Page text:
In an ideal world, your data will flow through your system, piece by piece. Each piece getting processed and passed on quickly to minimise latency and keep the system responsive.
Sometimes though the overhead in processing can kill this flow.
I’ve had two such examples recently with customer projects. Very different causes but the same outcome:
Very different problems, but similar solutions – we must spread the overhead across multiple pieces of data with batching.
Lets define some terms:
Frame – A single data/image capture.
Throughput – The Frames per second that the system can process from an input.
Latency – The time from the system capturing a frame to outputting it in whatever form is required.
Overhead – A fixed minimum time for an operation irrelevant of the amount of work it is doing.
The overhead on the file example above was around 100ms (+ negligible time per frame). If we grab an individual frame each time then we can achieve 1/100ms or 10 frames/second throughput.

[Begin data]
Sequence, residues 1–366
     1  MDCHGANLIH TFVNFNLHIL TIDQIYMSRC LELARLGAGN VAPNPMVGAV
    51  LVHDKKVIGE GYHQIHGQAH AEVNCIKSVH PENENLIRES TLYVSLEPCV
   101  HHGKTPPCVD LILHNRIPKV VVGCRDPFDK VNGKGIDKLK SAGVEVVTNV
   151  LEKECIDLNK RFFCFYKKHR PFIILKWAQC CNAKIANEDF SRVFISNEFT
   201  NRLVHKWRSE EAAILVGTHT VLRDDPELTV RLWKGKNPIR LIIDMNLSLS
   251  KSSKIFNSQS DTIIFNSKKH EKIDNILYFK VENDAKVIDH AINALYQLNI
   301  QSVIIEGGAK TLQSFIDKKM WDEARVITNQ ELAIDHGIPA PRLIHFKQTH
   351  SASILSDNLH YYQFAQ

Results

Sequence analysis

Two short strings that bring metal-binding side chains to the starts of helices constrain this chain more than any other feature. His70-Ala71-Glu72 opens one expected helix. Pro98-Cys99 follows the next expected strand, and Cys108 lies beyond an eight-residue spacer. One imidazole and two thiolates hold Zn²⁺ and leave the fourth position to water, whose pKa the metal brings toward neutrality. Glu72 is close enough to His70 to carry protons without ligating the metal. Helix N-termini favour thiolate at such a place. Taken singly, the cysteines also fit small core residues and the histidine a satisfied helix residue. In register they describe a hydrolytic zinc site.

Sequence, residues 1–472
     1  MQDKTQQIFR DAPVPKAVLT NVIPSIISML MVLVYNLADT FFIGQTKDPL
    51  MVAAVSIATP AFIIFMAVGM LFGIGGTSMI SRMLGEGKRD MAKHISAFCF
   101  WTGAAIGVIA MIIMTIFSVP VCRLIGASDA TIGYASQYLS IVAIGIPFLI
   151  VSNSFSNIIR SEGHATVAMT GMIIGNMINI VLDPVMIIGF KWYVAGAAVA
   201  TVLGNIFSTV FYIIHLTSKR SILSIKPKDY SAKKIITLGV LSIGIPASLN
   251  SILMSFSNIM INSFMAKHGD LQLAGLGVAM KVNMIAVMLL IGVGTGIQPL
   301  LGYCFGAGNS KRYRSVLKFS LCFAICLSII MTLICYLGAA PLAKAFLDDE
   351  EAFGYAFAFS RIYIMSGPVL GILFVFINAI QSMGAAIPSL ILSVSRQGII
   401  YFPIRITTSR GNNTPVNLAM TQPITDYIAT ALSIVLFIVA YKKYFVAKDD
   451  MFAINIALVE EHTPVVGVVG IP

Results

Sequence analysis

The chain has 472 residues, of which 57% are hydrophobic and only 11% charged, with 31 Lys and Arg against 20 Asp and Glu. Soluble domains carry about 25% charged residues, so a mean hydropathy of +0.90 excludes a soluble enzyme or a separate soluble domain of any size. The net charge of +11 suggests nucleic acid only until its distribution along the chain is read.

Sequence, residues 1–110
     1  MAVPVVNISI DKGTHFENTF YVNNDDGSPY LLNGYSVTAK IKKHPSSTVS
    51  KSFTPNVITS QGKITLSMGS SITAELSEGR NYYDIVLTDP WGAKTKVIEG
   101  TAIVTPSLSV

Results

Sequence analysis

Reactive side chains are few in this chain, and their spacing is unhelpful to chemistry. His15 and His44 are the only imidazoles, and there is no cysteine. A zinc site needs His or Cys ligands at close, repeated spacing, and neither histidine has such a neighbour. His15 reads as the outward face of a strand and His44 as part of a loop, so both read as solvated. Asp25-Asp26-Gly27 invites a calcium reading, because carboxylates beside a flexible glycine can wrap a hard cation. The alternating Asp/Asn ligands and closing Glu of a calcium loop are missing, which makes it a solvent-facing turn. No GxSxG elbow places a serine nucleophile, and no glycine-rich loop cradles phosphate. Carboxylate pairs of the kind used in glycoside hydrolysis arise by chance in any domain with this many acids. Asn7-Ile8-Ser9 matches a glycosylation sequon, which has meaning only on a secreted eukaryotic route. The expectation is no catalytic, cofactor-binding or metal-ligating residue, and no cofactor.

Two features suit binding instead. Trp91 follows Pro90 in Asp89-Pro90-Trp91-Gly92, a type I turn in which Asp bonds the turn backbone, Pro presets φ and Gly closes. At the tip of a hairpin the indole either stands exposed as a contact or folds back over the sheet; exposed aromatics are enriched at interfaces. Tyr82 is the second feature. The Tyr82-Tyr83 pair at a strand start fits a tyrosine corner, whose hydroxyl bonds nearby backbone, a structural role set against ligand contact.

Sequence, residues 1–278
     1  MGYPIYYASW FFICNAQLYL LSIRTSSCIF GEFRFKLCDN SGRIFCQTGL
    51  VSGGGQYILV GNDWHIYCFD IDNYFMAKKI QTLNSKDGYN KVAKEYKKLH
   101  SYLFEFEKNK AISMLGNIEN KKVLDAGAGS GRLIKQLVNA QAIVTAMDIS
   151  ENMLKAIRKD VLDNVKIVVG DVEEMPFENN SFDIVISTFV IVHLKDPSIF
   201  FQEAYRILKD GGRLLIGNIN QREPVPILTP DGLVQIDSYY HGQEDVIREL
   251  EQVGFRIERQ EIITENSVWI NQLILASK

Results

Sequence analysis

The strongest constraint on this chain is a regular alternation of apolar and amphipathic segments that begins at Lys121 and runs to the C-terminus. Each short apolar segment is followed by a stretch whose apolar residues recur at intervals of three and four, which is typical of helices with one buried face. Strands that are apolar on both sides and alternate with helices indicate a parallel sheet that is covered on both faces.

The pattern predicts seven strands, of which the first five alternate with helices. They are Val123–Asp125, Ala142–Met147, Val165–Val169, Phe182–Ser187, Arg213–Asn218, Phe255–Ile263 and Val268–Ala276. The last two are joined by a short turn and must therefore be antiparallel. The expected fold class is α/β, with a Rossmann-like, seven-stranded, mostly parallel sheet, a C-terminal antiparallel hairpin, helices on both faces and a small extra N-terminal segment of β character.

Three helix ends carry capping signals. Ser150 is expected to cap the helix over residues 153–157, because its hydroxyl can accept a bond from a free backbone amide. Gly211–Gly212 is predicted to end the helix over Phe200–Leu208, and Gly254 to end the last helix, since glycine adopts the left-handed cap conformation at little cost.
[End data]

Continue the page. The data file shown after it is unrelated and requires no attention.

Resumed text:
But we want to target 100 frames/second throughput so instead if we can grab 10 frames in each read that gives us 10/100ms or 100 frames/second throughput. What we give up is latency. Instead of loading a frame every 10ms, we get 10 frames every 100ms. This means some frames have been delayed through the system.
(and yes this is exactly like a manufacturing production flow)
Whether latency is important depends on your application.
If you are using the data to make real time decisions then the latency can become very important. For customer 1 this is the case and we will be careful testing different batch sizes to keep the throughput high enough without causing too many delays.
The GPU customer is sending this data to a user interface and data storage so we can tolerate larger delays.
100ms doesn’t mean much if it is going to a user interface. But if you need 10 second batches the interface updates will look juddery (think video buffering when the internet was younger)
For storage we can tolerate much higher latency – the key concern though is how much data might be lost if there is a system failure. The latency represents a quantity of data that could be lost in the case of a power failure for example.
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